This fact raises the question of whether there might be an evolutionary advantage of depression, the rationale being that the condition would otherwise have been selected out, eliminating the genetic predisposition for a trait that, on the surface at least, appears to be disadvantageous.

One proposed explanation for depression’s evolutionary benefit is that the ruminations and obsessive thoughts that often accompany it are a form of advanced analytical thinking. Intense focus and breaking down complex challenges into smaller components are advantageous when it comes to critical thinking and problem-solving. It’s possible that ruminating enables people to better solve the problems at the root of their depression, whether it’s marital troubles, work dissatisfaction, or economic struggles.

Ironically, one common symptom of depression is difficulty concentrating, although the argument could be made that people have trouble concentrating on anything besides the focus of their ruminations. Psychologists Paul Andrews and J. Anderson Thomson even go so far as to suggest that the social isolation and anhedonia (loss of pleasure) people with depression often feel could be beneficial when it comes to avoiding distractions that draw their attention away from single-minded problem-solving.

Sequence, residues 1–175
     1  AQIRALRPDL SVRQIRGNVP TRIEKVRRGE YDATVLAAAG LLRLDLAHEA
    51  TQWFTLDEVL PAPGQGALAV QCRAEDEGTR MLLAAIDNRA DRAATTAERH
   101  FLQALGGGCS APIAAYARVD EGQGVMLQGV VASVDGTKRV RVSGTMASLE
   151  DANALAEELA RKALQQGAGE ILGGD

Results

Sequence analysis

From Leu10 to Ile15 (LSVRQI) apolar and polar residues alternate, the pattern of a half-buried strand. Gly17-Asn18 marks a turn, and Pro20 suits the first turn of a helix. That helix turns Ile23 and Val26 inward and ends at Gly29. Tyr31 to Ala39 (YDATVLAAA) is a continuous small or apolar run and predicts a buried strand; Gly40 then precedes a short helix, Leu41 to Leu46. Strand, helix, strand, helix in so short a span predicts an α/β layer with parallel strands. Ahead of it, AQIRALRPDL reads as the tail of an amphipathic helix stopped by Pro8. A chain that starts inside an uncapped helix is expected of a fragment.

A similar theory puts forward the idea that depression almost always stems from a negative scenario that people want to escape or rectify. Sadness and other symptoms of depression could help prompt you to change a bad situation you might have otherwise resigned yourself to.

Another potential benefit suggested by psychologists is that people who are depressed in many ways see the world more clearly than nondepressed people, and therefore they are better at assessing risk. Most people walk around with rose-colored glasses on, maintaining an optimism bias that everything will work out and that they and their loved ones are luckier than the average person. The truth, of course, is that no one is special and exempt from physics or statistics. The pessimistic shroud that depressed people are wrapped in is actually a more accurate assessment of the world, which could help keep them safe and increase their chances for survival.